At Canterbury art college I studied industrial design with silversmithing as my speciality. At Hornsey college I continued with 3D work although I enjoyed the photography. Then, when I started teaching, I was given pottery as my specialism with O'level and A level students eager to get on. It was a tight learning curve but I got clay under my fingernails - and as some people say 'once that happens there is no known cure'..
Harvey Bradley's website can be found here.
My hand-built sculptures explore shape and balance. The sculptures capture human figures, seascapes, animals and birds in suspended movement. I am currently experimenting with raku glaze firing.
I am a ceramic artist working from my studio in Suffolk. I work on the wheel throwing white earthenware clay to make domestic ware that i decorate with bright colours and patterns. I also work in porcelain making fine thrown decorative wall disks and vessels with black and white decoration.
When my hands get tired from throwing I turn to handbuilding and create figures and animals that come straight out of my imagination and make me want to laugh as I make them. I work in earthstone clay and decorate them in various ways such as engobes, underglaze colours or different types of glazes and firings.
Much of my childhood was spent in East Africa and Kuwait and I have translated this experience in a personal, creative and contemporary statement in my work.
Cathy D'Arcy's website can be found here.
I am drawn to the textures, shapes and colours found in dry stone walls and natural rock formations. I am fascinated by the shapes and patterns formed by erosion in land and seascapes: the wild, uncontrollable and chaotic often resulting in a moment of meditation.
Inspired initially by Simon Carroll, my current work uses hand building, press moulding and throwing to create each piece. I work with four different clays, Black Chunky, Golden Harvest, P2 Porcelain and Toasted Stoneware , in order to create an effect that mirrors rock and stone surfaces that have been ravaged and stroked by weather, the environment and time. The contradiction of the smoothly eroded against rugged surfaces.
I like it that these contradictions combine for emotional effect for both me as maker and the observer. How the chaos of surfaces, colours, textures, shapes and form influence, dictate and enhance feelings. How a surface can affect an emotional response. Land and seascapes are constantly changing. Time is a moving concept. From conception to realisation, and at every point on the way, there are “moments” where that object, feeling, environment is captured. That “moment of stillness” is what I am aiming for. The decision as to the specific “moment in time” is based on any number of criteria thrown up by the journey from the beginning until………….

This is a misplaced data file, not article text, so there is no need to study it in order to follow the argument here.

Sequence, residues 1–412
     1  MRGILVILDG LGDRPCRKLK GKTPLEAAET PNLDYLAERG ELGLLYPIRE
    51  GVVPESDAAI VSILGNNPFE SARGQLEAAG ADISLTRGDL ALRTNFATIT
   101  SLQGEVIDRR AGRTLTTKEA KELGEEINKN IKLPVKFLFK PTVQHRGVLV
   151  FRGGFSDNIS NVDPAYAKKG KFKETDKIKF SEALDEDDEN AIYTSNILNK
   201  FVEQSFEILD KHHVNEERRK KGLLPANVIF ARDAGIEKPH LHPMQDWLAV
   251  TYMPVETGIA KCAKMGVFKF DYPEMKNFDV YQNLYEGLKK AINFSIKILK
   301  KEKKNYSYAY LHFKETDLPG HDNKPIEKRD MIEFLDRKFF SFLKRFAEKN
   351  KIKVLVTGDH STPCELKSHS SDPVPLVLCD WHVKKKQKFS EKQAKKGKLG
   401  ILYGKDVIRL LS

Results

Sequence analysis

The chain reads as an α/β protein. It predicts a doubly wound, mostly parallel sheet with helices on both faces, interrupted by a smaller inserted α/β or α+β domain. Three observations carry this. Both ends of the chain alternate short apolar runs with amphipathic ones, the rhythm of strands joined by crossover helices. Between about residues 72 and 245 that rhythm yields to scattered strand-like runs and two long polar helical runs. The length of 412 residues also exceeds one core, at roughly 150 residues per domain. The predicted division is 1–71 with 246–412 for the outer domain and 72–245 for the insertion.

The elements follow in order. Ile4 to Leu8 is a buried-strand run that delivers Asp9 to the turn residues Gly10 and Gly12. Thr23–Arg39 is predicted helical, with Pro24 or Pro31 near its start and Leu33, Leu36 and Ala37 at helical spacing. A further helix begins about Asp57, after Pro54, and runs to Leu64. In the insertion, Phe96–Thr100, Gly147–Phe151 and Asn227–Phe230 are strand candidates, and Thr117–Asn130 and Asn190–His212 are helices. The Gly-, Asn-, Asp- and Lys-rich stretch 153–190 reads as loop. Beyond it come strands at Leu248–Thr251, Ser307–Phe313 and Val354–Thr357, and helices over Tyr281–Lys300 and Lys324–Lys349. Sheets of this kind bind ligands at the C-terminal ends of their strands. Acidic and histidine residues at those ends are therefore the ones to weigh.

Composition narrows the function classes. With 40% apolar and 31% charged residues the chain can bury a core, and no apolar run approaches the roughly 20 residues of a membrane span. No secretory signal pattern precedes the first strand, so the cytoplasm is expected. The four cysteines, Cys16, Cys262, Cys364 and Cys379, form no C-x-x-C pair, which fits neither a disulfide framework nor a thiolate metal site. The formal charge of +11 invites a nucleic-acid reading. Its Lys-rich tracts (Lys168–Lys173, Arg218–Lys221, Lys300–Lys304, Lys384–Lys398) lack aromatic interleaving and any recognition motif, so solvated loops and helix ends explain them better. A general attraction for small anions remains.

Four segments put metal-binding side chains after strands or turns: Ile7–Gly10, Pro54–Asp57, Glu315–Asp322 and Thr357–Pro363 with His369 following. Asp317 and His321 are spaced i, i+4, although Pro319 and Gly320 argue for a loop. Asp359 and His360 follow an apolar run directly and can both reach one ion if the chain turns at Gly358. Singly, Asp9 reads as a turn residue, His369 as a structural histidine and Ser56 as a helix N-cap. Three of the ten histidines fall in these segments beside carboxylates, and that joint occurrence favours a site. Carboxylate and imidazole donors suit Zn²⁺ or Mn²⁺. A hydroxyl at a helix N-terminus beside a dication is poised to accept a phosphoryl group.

Lorry Cudmore's blog can be found here.
Mixing mud and water to produce pots, platters and ceramic pieces. Decorated with a variety of images using glazes and stains.
Vivienne has a website here
Since moving to Suffolk, Caroline has become more interested in landscape and the colours, forms and lines within it. She makes a range of thrown and moulded earthenware, building up layers using slips, oxides and glazes, producing a rich deep surface.
When Paddy moved to Suffolk it gave her the opportunity to have her ownwheel and kiln.
All Paddy’s pots and bowls are hand thrown and therefore individual.
“I fire my pots to stoneware temperatures and I find opening the kiln so exciting as glazing is unpredictable and so each piece is different.”
All my work is thrown on the potter's wheel and is focused for the most part on functional ware. The endless possibilities that exist within the vessel form are challenging and exciting and towards this end I want to make pottery that can be used and enjoyed in domestic life. I also hand build one off sculptural objects that are viewed as abstract but also provide functionality.
I work with different clay bodies but recently I have been using Limoges porcelain as despite its known quirks it is soft and sensual and a pleasure to touch and use. Clay is at its most sensitive when freshly thrown and I find it fascinating to transform and alter a thrown form and try to capture the movement and energy within the clay.
My inspiration comes from the Indian, African and Arabic cultural backgrounds that I am fortunate to have. Arabic calligraphy lends well to the altered shapes and I use it not only as an art form but also to provide the movement that I want to invoke in my work. These scripts all carry a universal message of tolerance, faith, peace and love. I decorate my work using various techniques including painting and printing with oxides and slips and ceramic digital transfers.
Ultimately I try to produce ceramics that not only work well for their intended function but are also visually stimulating and tactilely rewarding.
Miriam's website is here.
I currently live and work in Aldeburgh, Suffolk on the East Coast of England. I throw and hand build my ceramics using a range of clays. Surfaces are painted, drawn on, glazed and sometimes stenciled. Work includes domestic ware, and other pieces made in a spirit of exploration.
Ann Lee's website can be found here.